Donald Trump
Credit: Gage Skidmore/Flickr

Media criticism is a huge part of my job and I’ll always find things to fault in how the media covers our politics and our politicians. I do not believe, however, that the media went easy on Donald Trump during the campaign. I’ve actually never seen any politician get so savaged day after day as Trump was in the last election. Pretty much everything we know about Trump’s shortcomings came from articles written either by bigfoot reporters at our major newspapers or by longtime Trump-watching journalists in the New York area.

Trump lost the endorsement of dozens of newspapers that have endorsed Republicans in the past. In the end, in the entire country, he only won the endorsement of a single handful of metro newspapers. Even the right-wing media turned on him, including the National Review which opposed him with real fury. I could write a separate article about how Clinton was treated, but I want to stay on my topic.

Donald Trump was exposed by the media and people had access to all the information they needed to know about his fraudulent business practices, his dishonest and bullying litigiousness, his failure to honor contracts, his sordid personal life, his connections to prominent organized crime figures, his business failures, his record of racism, his foreign entanglements, and his almost unbelievable personal narcissism. Maybe the media actually helped Trump despite giving us all this information because they gave him so much attention and chased his every shocking move, but they didn’t give him a pass or fail to treat him with appropriate skepticism.

We all learned something about the standing of the media when enough of the public shrugged it all off and supported him to make him our president. I think it’s clear that the media lost their credibility with much of the electorate, and we can debate how much they earned that loss of credibility. Yet, it’s clear to me, at least, that they lost more than they deserved to lose.

Now, when I open up the Washington Post and an article begins with the following paragraph, I know things are messed up.

The way President Trump tells it, the meandering, falsehood-filled, self-involved speech that he gave at the Central Intelligence Agency headquarters was one of the greatest addresses ever given.

Even after more than a half a decade in office, a failing war based on falsified intelligence, a drowned New Orleans, and a global collapse of the economy, no major newspaper ran straight news articles this hostile and disrespectful about President George W. Bush. Donald Trump has been in office less than a week, and his word is already an open joke and so lacking in credibility that our major newspapers have no compunction about dismissing his utterances out of hand.

Reading the transcript of his first big presidential interview with ABC News, I was something close to paralyzed with fear. Watching it made things worse.

This is the definition of a situation where I don’t know where to begin. But I guess we could go to the Mayo Clinic and look at how they define the symptoms of Narcissistic Personality Disorder.

DSM-5 criteria for narcissistic personality disorder include these features:

  • Having an exaggerated sense of self-importance
  • Expecting to be recognized as superior even without achievements that warrant it
  • Exaggerating your achievements and talents
  • Being preoccupied with fantasies about success, power, brilliance, beauty or the perfect mate
  • Believing that you are superior and can only be understood by or associate with equally special people
  • Requiring constant admiration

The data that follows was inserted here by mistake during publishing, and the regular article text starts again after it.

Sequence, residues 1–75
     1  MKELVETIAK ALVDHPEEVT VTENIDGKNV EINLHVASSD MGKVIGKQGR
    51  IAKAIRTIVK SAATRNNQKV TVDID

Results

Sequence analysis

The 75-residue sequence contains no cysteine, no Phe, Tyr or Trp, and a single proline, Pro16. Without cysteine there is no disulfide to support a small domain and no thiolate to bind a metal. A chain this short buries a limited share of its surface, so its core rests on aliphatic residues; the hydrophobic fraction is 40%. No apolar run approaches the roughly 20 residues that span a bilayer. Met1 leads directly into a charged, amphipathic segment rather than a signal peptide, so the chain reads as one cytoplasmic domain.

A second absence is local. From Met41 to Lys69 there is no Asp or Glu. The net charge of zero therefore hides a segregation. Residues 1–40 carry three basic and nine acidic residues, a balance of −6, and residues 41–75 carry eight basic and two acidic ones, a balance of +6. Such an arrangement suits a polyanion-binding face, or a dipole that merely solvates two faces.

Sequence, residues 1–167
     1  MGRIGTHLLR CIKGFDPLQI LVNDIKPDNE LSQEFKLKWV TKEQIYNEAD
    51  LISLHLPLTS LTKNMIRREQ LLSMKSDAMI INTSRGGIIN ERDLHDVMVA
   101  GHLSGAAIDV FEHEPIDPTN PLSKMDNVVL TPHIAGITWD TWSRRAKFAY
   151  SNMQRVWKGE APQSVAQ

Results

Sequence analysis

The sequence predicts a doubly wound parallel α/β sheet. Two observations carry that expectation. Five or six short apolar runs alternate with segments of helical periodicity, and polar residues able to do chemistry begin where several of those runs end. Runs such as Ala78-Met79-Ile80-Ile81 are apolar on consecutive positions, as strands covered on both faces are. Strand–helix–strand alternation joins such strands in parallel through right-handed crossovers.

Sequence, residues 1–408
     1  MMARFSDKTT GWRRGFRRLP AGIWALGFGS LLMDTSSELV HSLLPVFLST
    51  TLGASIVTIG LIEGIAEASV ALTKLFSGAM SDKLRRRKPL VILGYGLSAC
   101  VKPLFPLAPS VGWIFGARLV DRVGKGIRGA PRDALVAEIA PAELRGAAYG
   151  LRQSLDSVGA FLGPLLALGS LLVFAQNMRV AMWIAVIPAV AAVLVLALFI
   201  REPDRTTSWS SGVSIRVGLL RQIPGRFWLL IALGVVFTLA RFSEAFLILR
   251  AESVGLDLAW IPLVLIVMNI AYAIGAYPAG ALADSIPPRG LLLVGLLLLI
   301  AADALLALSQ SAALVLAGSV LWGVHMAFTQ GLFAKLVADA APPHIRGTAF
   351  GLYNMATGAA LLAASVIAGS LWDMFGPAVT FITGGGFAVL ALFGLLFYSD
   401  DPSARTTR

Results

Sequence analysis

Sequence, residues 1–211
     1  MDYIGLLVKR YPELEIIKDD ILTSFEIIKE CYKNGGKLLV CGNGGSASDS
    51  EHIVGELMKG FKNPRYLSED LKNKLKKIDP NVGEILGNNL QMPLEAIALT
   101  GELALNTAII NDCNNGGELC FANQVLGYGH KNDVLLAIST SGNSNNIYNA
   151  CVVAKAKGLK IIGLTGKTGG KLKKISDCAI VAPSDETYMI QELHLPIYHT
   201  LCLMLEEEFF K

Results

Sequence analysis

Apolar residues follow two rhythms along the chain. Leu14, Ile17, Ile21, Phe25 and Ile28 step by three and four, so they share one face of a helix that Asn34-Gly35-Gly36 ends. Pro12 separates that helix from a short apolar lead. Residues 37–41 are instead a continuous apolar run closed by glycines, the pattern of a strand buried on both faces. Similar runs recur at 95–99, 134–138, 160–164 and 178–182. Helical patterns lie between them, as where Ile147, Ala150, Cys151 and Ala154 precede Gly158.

• Having a sense of entitlement
  • Expecting special favors and unquestioning compliance with your expectations
  • Taking advantage of others to get what you want
  • Having an inability or unwillingness to recognize the needs and feelings of others
  • Being envious of others and believing others envy you
  • Behaving in an arrogant or haughty manner

If you have narcissistic personality disorder, you may come across as conceited, boastful or pretentious. You often monopolize conversations. You may belittle or look down on people you perceive as inferior. You may feel a sense of entitlement — and when you don’t receive special treatment, you may become impatient or angry. You may insist on having “the best” of everything — for instance, the best car, athletic club or medical care.

At the same time, you have trouble handling anything that may be perceived as criticism. You may have secret feelings of insecurity, shame, vulnerability and humiliation. To feel better, you may react with rage or contempt and try to belittle the other person to make yourself appear superior. Or you may feel depressed and moody because you fall short of perfection.

I am aware that it is considered unethical by psychologists and psychiatrists to diagnose someone’s mental disorder without the proper training and without actually having the opportunity to deal with them as a patient. In this case, however, I just don’t think there is any question that our new president is a textbook case. Read the transcript of that interview or watch the video of it and run down the checklist of symptoms.

Let’s just look at the part about feeling insecurity and humiliation and being moody and depressed. Here’s what White House press secretary Sean Spicer said about how the president felt when he saw the coverage about how lightly attended his inaugural was in comparison with President Obama’s two inaugurals. Admittedly, Spicer deflected the reaction onto the staff, but you can tell that he’s echoing Trump’s complaints.

SPICER: …But I will tell you that it’s not — it’s not just about a crowd size. It’s about this constant — you know, he’s not going to run. Then if he runs, he’s going to drop out. Then if he runs, he can’t win, there’s no way he can win Pennsylvania, there’s no way he can win Michigan.

SPICER: Then, if won, it’s oh, well he(ph) — there is this constant theme to undercut the enormous support that he has. And I think that it’s just unbelievably frustrating when you’re continually told it’s not big enough, it’s not good enough, you can’t win.

QUESTION: And — and if I may —